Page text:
Positive news reports about insurance enrollments under Affordable Care Act have been coming out so steadily that they barely make headlines anymore. Still searching for a way to depict Obamacare as a "train wreck," GOP critics of the law have no option but to make up the bad news.
Before we get to that, let's examine the latest statistics from the Department of Health and Human Services, released Thursday. The HHS report, which updates figures to April 19, toward the end of the extended enrollment period for 2014, reveals that a total of 8.02 million people enrolled in individual health plans through the federal and state ACA marketplaces since Oct. 1. On the face of it, this beats the expectations of 7 million enrollments for the first year of the ACA.
Some of the enrollment trends tracked very closely to what experts anticipated, based on the experience of the Massachusetts healthcare reform ("Romneycare"). One expected trend was that enrollment would surge as the March 31 deadline approached; sure enough, 47% of enrollments came in the final month.
Another was that the share of younger people in the mix would increase sharply toward the end, healthy "young invincibles" being especially likely to procrastinate. Sure enough, the proportion of people aged 18 to 34 increased from 24% during the period between Oct. 1 and Dec. 28, 2013, to 31% during March.
Overall, 28% of private plan enrollees are in this age group, which is close enough to their ratio in the general population (about 40%) to eradicate fears of a risk-based insurance "death spiral." As we reported months ago, the ACA incorporated several provisions to cover disproportionate enrollments by older and sicker customers anyway, but these figures suggest that in general those provisions won't be needed.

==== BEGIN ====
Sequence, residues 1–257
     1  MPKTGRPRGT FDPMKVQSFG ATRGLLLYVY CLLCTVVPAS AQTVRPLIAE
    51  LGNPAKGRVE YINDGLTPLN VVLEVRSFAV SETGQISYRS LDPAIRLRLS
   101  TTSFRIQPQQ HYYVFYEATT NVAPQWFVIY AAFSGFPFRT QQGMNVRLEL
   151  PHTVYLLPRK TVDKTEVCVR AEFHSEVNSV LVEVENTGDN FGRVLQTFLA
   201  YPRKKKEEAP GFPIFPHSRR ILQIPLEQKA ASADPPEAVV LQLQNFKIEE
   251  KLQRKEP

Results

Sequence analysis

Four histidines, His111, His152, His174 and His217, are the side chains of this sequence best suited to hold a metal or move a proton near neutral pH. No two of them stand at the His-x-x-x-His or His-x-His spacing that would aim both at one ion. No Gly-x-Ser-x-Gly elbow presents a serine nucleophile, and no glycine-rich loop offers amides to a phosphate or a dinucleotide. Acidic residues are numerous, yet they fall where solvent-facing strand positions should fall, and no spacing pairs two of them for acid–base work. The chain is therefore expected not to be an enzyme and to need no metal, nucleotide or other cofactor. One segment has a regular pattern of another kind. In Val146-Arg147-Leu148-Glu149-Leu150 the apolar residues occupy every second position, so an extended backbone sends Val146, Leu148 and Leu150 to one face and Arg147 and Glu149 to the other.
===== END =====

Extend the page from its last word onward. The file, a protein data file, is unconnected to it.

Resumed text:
The HHS report doesn't help much to answer the question of how many enrollees were previously uninsured, which is one of the obsessions of Obamacare critics on the right. It does offer a curiously positive statistic, though one which HHS officials are treating verrrry cautiously: Of the 5.2 million people who applied for ACA subsidies via the federal enrollment website and therefore were asked about their current insurance status, only 13% said they "had coverage at the time of application."
Simple math would suggest that this means that close to 87% of enrollees were previously uninsured, but that's an extreme interpretation, and the HHS isn't banking on it. The problem is that the individual insurance market is extremely volatile, so the statistic doesn't reveal if these people had been uninsured for one month, 12 months or forever; or if they had simply dropped their coverage in anticipation of signing up for 2014; or if they misunderstood the question.
Other surveys, HHS officials acknowledged during a press briefing Thursday, show the absolute decline in the uninsured to be somewhere in the range of 5 million to 10 million -- from all aspects of the ACA, including expanded Medicaid.
Then there's the question of how many enrollees have paid their initial premiums, which makes their enrollments official. Here's where the GOP has moved into the realm of fiction. Republicans on the House Energy & Commerce Committee released a survey Wednesday claiming that only 67% of enrollees in the federal marketplace have paid.
Compared with other surveys on the topic, this looks like an exceptionally low number. Most other surveys have placed the figure at an average 85%, with some as high as 95%. (California's state exchange, Covered California, says insurance firms are reporting 85% payment.)
Obamacare enrollment tracker Charles Gaba calls the House report "embarrassingly flawed" and, with uncharacteristic bluntness, a "pile of crap." He points out that the report assumed erroneously that premiums on all enrollments were due no later than April 15, whereas only 63% of all enrollment payments were due by then, with the rest due Wednesday (April 30) or even sometime in May. That's a big enough mistake to invalidate the entire study. Gaba adds further that figures from state exchanges in Washington, Massachusetts, Oregon, Minnesota and Connecticut are all coming in at 95% paid or above; there's no reason why enrollments on the federal exchange should vary significantly from those figures.
Here's the takeaway: The GOP's campaign against the Affordable Care Act is still at full cry, but it's becoming more desperate with every passing day.